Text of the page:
Three months ago, the economic outlook in the US appeared to be hobbled by uncertainty in Europe, where the effects of a debt crisis still linger. Now, it seems, the outlook in the US has a much more pronounced limp, with election-season uncertainty partly to blame.
But a drop in US optimism has been offset by signs of positive sentiment elsewhere, according to the third-quarter CGMA Global Economic Forecast, released Thursday. The quarterly report’s economic sentiment index remained at 58, the same as the second quarter but seven points lower than the first quarter of 2012.
More than 500 US economic decision-makers took part in the global survey of chief executives, CFOs and controllers, making up 43.3% of the 1,179 respondents. Answers from CGMAs in 62 countries were recorded between August 22nd and September 19th. The survey uses ten equally weighted indicators to formulate an overall index. A rating of 50 is neutral, and anything above that is considered positive.
While some regions have grown slightly more optimistic – the UK being one – CGMAs in the US have declining confidence in their country’s economy. US optimism has fallen sharply, from 44% in the first quarter, to 36% in the second quarter and 22% in the third quarter. US survey respondents expressed less optimism about their own businesses, dropping from 51% to 45%. They also project lower revenue, profit and staffing.
The US, which had declines in just about every indicator, is on edge with the presidential election between incumbent President Barack Obama and Republican challenger Mitt Romney, the former Massachusetts governor, about a month away.
“Executives are mired in uncertainty,” said Arleen Thomas, CPA, CGMA, and the AICPA’s senior vice president–Management Accounting. “Many are guardedly optimistic about their own businesses but unsure about the political, regulatory and economic landscape around them. That is driving a pessimistic sentiment that is keeping the brakes on hiring and expansion.”
Mick Armstrong, CPA, CGMA, took part in the survey. Armstrong, the CFO of Micro 100 Tool Corp. in Meridian, Idaho, said his company has been up and down so far this year.
“Our first quarter was pretty strong, but then we just saw things kind of taper off,” he said. “August and September started to tick back up.”
But that slight improvement in late summer was not enough to counteract the poor second quarter.
He says the company’s overseas business has struggled even though Micro 100, in late 2011, hired a sales representative specifically to find business in Europe.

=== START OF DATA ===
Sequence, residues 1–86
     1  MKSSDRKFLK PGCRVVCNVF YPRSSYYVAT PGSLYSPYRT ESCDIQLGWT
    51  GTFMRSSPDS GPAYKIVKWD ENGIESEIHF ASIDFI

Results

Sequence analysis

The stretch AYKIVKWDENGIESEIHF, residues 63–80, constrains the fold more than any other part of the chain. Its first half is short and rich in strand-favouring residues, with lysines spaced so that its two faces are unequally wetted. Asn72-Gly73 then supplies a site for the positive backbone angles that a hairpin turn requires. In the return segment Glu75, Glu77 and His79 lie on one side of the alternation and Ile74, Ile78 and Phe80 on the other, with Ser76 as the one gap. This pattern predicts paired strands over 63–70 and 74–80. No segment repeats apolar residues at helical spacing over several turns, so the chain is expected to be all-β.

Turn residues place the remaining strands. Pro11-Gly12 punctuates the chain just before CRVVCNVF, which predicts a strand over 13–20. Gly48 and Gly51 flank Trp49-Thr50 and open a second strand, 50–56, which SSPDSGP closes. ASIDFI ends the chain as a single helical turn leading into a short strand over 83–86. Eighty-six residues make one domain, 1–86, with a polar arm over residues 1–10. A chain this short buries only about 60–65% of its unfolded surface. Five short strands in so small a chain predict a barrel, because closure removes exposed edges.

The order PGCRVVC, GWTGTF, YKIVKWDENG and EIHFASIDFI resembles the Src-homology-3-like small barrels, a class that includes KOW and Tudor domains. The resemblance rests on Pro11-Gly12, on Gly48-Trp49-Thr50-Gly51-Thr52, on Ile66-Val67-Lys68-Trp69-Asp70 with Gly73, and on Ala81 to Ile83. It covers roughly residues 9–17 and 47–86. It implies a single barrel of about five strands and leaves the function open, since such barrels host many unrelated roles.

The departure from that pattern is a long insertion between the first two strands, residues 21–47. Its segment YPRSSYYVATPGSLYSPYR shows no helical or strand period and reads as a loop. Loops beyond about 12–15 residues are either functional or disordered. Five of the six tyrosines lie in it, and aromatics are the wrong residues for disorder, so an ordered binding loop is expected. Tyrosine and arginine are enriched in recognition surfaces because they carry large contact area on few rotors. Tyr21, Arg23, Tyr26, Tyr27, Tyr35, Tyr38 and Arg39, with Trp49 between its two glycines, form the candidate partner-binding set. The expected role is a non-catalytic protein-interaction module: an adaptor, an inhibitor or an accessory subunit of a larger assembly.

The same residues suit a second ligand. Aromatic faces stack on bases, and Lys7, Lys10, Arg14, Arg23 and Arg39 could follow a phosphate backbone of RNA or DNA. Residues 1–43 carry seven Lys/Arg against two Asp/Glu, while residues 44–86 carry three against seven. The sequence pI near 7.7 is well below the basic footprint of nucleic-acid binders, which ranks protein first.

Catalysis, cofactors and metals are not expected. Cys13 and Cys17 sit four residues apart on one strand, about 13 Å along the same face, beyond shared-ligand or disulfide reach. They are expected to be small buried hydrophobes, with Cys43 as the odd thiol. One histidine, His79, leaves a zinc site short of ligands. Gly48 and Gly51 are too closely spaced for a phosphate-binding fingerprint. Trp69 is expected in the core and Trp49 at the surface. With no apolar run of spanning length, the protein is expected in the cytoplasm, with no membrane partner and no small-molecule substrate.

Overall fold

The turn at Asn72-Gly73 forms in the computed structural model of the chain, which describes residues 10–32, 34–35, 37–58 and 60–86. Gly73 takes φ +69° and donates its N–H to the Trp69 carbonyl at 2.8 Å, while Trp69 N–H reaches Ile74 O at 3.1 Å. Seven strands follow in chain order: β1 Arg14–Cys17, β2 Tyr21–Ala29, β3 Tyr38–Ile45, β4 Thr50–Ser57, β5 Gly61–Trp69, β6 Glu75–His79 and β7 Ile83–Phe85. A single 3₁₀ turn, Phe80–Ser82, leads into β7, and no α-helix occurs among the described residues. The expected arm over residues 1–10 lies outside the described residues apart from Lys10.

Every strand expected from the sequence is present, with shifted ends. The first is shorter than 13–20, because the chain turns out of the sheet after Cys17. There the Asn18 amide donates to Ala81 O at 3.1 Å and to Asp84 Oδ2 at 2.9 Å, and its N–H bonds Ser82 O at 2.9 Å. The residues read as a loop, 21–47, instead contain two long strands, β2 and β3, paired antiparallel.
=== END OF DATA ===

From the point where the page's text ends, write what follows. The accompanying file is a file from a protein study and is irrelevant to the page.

“Europe is still soft, and we’re holding our own in Asia, regaining some business there that we had lost,” Armstrong said. “Right now, we don’t see any clear opportunities in Europe.”
Brighter outlook beyond US
Although worries about global and domestic economies continue, especially in Europe, every surveyed region but the US expected a rise in revenues. Globally, revenue in the next 12 months is expected to rise 3% after a 2.7% projection in the second quarter. Profit expectations rose from 2% to 2.4%.
In the UK, measured separately from Europe, 342 respondents expressed a sliver of hope. The UK’s overall index rose to 53, from 50 the previous quarter.
Organisation optimism in the UK rose to 45% from 38% the previous quarter, and CGMAs there no longer list domestic economic conditions as their top challenge. Instead, regulatory requirements are the top obstacle. UK CGMAs expect slight gains in revenue, profit, staffing levels and IT spending.
Other highlights from the survey:
Global economic optimism fell to 7%, the lowest since the survey began in the fourth quarter of 2011.
In-country economic optimism fell 8 percentage points to 21%, weighed down by the US drop from 36% to 22%.
In Europe, companies expect a 1.3% reduction in staffing over the next 12 months. The projection was a 1.1% drop in the previous quarter.
The technology sector saw increased optimism, from 41% in the second quarter to 60% in the third quarter, and manufacturing optimism rose from 45% to 50%.
Optimism in the finance and insurance sector fell from 53% to 48%, and banking fell from 48% to 33%. Banks expect staffing to drop 1.3% in the next 12 months.
Asia and Rest of World Developed (RoWD) – Australia, Canada and New Zealand – joined the UK in posting three-point improvements in their index. Asia rose to 61, and RoWD rose to 60.
—Neil Amato (email@example.com) is a CGMA Magazine senior editor.
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